I think I’ve been over-rating myself as a geologist, at least as far as explaining this planet in terms of plate tectonics.
Oh, some of it’s all right. I know that rift valleys generally indicate that plates are pulling apart, mountains are most likely where plates have collided, and that linear features are most often faults. I haven’t seen any island arcs on this planet, but I expect there are some. But how do I explain what looks like an underwater jumble of mountains? The computer has the basics of plate tectonics, and I’m pretty sure plate tectonics are what controls the geology on this planet, but the basics don’t include underwater mountain ranges aside from midocean ridges.
I was following the coast west when the mountain jumble to my right was replaced by a jumble of islands. I went high, as I usually do when I want to get a good look, and found that the coastline turns north, but the sea to its west was an unbelievable tangle of islands. Some looked volcanic, though not in a proper arc, and when I tried to sense the sea bottom I found it almost as rough as the land to the east. Ocean floor shouldn’t to that! It’s supposed to be too thin to support much in the way of mountains!
The area is still part of the tideless sea, and seems to be bordered by mountainous terrain to the north and west. The weather is still hot and clear, though the southward equinox is approaching and I suspect from the vegetation that this is a winter-rain area. Is it worth while trying to map all of these islands before going on to the land to the west?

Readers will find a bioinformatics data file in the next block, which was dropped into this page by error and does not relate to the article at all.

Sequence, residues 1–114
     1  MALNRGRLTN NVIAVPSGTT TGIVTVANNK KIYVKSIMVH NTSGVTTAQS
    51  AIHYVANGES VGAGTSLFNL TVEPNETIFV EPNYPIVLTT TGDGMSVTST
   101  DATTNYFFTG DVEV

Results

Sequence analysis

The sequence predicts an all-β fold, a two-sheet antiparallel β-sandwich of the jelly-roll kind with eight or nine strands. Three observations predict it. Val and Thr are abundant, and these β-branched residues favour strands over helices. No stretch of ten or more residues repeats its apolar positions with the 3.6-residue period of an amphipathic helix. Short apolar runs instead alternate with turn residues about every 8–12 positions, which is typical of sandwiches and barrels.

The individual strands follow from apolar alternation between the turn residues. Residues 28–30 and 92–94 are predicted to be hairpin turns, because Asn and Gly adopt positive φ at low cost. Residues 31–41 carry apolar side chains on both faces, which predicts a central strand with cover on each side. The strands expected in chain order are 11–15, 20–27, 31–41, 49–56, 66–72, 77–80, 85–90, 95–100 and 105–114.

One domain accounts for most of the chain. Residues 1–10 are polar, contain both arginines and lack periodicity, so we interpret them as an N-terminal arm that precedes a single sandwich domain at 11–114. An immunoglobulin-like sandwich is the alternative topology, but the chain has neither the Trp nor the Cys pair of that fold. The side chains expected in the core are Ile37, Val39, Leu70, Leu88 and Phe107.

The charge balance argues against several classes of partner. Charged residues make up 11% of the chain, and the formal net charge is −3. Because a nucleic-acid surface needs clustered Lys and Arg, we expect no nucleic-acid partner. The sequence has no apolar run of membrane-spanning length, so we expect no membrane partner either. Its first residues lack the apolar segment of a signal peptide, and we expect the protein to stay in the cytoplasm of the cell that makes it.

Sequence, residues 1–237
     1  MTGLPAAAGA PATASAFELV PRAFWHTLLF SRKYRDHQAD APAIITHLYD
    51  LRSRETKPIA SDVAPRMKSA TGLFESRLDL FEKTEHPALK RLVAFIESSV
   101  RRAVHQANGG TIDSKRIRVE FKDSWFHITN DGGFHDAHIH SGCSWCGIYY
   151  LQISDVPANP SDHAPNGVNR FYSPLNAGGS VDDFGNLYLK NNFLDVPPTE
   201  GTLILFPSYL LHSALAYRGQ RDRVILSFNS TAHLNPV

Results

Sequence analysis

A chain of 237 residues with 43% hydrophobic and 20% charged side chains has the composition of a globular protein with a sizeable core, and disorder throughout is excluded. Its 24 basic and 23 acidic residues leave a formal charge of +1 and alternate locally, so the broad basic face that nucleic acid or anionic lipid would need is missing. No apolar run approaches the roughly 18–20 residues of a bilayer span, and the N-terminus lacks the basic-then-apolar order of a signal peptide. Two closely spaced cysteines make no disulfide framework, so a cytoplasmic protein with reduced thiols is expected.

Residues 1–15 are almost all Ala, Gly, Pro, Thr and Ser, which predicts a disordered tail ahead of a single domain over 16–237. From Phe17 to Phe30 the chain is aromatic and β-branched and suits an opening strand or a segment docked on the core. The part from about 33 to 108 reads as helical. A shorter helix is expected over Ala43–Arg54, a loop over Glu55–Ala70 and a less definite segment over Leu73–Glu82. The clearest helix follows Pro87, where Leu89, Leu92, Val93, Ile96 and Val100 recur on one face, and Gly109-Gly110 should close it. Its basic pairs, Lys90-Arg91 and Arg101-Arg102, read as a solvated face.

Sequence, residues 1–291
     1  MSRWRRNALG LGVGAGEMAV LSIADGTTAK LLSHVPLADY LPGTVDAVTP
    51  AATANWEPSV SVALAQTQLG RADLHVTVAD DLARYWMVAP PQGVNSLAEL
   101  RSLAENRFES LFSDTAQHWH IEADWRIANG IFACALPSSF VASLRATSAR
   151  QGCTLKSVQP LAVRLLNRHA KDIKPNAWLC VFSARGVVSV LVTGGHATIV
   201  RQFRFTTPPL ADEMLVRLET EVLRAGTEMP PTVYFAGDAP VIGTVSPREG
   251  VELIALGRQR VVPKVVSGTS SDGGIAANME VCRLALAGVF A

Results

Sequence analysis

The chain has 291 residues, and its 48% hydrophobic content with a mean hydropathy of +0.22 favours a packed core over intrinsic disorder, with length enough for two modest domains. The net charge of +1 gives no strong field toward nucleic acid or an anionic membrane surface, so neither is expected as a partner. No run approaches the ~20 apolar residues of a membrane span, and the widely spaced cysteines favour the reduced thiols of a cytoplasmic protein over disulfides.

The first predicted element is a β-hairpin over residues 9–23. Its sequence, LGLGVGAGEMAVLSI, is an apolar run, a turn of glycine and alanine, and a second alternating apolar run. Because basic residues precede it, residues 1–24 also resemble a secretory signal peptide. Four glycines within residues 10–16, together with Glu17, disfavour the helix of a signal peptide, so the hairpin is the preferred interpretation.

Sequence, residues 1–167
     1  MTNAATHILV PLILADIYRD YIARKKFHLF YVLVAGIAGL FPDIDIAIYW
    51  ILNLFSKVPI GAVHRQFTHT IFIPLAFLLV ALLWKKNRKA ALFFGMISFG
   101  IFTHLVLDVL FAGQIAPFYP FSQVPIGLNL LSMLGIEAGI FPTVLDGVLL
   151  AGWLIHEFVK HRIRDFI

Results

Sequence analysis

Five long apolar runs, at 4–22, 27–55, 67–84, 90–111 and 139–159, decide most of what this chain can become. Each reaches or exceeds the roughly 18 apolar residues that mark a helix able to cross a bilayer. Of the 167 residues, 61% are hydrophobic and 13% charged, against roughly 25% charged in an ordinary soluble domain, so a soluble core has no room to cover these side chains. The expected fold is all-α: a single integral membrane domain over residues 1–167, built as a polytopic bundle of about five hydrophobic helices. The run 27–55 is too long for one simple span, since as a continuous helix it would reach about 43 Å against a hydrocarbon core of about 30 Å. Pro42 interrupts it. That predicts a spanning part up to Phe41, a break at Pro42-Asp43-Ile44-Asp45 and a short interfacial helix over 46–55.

I wish my old friend Nal was here. He used to study planetology, and I suspect he could explain this sea of islands.
Jarn’s Journal is the fictional journal of a human-like alien, Jarn, who was stranded in Africa 125,000 years ago. He has made contact with a group of our remote ancestors, roughly mapped Africa, and is now exploring the edges of the Mediterranean Sea, using his abilities to teleport and levitate.
Jarn, of course, would hardly have gone high enough to see the Aegean Sea as a whole, and the French names of island groups, seas and countries are out of period by about 125 millennia. But his ability of perception would have allowed him to tell that the sea bottom was as much a jumble of heights as the mountains of Anatolia. Unfortunately the best bathometric map of the area I could find was the one above, from Wikimedia.